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Sunrise in Darjeeling

In a park in Darjeeling

Maggie and I were two among scores of people who got up at 3.30 am to go and watch sunrise when the rain was lashing the windowpanes of our room in a hotel in Darjeeling. It was the summer of 2010. We had spent three days in Gangtok already. Gangtok was a cheerful sunrise while Darjeeling was like a gloomy sunset, Maggie would say poetically later as we sat in the leisurely toy train that moved from Darjeeling to Kurseong.  

Our tour of Darjeeling was to start with the sunrise seen from Tiger Hill and our hotel had arranged a taxi to take us to Tiger Hill at 4 am. The sunrise would be at 4.45, we were told. But it started pouring right after midnight, a kind of rain that didn’t sound quite characteristic of a hill station. When the reception rang us at 3.30, I asked how anyone would see a sunrise in that weather. “Your taxi will be ready at 4.” The answer was terse and the call was over. Most people of Darjeeling were equally terse and morose, as we would learn soon.

Darjeeling was a town of shutdowns and hartals in those days. The Gorkhas were demanding a separate state for themselves: Gorkhaland. The agitation had gone on for decades and had sucked out the vitality of the people. You would see sullen faces all over, on the streets, in the shops, at the museum.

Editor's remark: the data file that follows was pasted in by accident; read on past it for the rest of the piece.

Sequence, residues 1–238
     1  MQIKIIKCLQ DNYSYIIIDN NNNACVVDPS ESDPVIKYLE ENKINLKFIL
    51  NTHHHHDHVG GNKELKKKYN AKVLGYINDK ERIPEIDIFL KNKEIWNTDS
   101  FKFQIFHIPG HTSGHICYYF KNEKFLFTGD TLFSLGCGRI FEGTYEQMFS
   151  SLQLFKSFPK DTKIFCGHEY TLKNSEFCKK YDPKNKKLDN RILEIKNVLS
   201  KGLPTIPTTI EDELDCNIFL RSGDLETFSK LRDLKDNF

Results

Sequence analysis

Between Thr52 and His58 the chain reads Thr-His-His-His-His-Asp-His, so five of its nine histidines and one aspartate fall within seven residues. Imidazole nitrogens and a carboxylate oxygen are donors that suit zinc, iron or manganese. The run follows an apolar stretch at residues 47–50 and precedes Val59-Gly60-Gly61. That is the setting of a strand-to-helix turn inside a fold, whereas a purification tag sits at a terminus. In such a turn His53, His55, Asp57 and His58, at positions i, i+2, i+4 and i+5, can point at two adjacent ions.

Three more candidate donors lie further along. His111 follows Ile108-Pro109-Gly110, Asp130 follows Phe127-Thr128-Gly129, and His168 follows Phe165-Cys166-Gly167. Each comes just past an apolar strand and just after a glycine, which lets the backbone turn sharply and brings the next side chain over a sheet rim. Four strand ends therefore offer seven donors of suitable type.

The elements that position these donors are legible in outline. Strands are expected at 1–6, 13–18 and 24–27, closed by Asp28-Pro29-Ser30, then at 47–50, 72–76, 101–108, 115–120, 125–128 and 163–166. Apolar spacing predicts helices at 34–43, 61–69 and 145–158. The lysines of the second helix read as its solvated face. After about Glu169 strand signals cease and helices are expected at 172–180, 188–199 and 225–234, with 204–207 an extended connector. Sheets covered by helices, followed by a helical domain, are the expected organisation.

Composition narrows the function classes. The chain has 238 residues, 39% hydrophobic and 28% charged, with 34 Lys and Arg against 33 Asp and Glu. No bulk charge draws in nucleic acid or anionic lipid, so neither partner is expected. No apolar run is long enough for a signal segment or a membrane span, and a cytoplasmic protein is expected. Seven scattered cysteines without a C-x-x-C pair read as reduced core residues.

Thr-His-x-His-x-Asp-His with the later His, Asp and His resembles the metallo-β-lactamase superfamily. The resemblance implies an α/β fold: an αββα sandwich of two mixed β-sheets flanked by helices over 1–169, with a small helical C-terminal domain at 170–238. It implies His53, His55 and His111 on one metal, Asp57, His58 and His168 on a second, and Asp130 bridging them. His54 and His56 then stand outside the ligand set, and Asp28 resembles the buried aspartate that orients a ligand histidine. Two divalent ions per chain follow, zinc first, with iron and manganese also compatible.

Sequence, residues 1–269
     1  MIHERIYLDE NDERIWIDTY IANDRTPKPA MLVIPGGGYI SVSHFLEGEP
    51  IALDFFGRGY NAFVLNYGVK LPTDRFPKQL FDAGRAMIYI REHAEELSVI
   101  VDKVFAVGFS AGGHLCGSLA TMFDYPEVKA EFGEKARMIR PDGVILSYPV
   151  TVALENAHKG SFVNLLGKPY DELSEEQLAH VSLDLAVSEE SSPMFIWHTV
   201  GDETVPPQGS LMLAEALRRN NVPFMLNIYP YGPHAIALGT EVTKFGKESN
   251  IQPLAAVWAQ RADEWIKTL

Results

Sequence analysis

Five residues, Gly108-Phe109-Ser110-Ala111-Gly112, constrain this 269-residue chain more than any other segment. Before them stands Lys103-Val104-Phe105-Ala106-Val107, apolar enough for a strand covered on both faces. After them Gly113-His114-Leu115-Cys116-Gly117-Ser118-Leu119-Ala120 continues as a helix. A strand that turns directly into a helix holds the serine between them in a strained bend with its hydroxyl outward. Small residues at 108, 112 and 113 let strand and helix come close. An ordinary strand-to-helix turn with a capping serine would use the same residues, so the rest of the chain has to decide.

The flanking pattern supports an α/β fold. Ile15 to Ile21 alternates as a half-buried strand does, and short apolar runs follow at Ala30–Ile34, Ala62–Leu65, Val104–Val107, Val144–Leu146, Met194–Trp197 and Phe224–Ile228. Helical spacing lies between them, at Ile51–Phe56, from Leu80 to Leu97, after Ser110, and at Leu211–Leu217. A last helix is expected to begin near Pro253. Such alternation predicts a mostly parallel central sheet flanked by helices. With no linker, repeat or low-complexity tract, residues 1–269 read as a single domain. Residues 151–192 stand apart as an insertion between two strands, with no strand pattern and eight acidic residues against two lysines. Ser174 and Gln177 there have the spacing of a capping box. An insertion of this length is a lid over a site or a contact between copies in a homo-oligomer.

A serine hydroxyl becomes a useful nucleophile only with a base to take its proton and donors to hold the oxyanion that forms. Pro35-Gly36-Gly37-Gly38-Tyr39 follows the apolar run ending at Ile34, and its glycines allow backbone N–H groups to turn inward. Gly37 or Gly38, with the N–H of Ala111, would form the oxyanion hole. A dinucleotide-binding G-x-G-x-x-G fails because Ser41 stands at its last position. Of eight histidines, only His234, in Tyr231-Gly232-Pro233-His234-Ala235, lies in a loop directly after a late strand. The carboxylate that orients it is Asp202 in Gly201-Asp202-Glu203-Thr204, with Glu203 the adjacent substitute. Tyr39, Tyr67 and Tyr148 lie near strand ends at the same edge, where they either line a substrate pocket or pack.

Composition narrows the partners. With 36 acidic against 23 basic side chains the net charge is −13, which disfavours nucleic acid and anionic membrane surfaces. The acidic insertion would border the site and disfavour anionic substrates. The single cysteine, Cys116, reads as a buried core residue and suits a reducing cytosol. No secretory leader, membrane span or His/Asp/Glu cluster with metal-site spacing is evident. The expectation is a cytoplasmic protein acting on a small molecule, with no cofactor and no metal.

Since the entire amount for the Tiger Hill trip had been taken in advance by our hotel, Maggie and I had little choice but roll off the quilt and pull up the pants. The rain subsided as we set off to Tiger Hill. The drizzle never stopped, however. And the sun did not rise for us though we waited on the watch tower till 5.30 or so.

A Jupiter year has passed since then. I wonder whether Darjeeling is a happier place now. Have smiles returned to those weary and sullen faces of 2010? Does the sun rise cheerfully beyond Tiger Hill in the mornings now?

I still remember how Maggie and I had decided back then that we wouldn’t return to Darjeeling. We would return to Gangtok again and again, we agreed. Now, 12 years later, I wouldn’t mind returning to Darjeeling again. Even if the sunrise gets drowned in a drizzle again. Both West Bengal and India have undergone many political changes since 2010. How have these changes affected the people of Darjeeling? I am interested in seeing personally.

Signboards had already declared it Gorkhaland in 2010



  1. Hari OM
    ...this begs the question as to when you are booking your tickets?!! It is a small regret of mine that I never managed to get to the eastern side of India during my time there. Now, I wonder if I will even leave Scotland again... YAM xx

    1. The pandemic has altered life drastically, especially travel plans. We restrict ourselves to nearby places now. Let's hope for better.

  2. Matheikal sir, Maggie mam
    Your English classes in sawan
    And now your blogspot
    Are still as intriguing as were in those days .. fortunate enough to be around you and Maggie mam in sawan, Maggie mam was our mentor in Eklavya house hope she remember's us from
    2010 -2014

    1. Thank you, Siddharth, for refreshing certain memories. Maggie ma'am conveys her fond regards to you. Sawan had a unique knack for creating extraordinary bonds between teachers and students.

  3. You have written a moisture sprayed post, sir. I could feel the breeze blowing there. I never visited north east. Hope I'll go once.

    1. Worth going at least once. Quite a different world it is.


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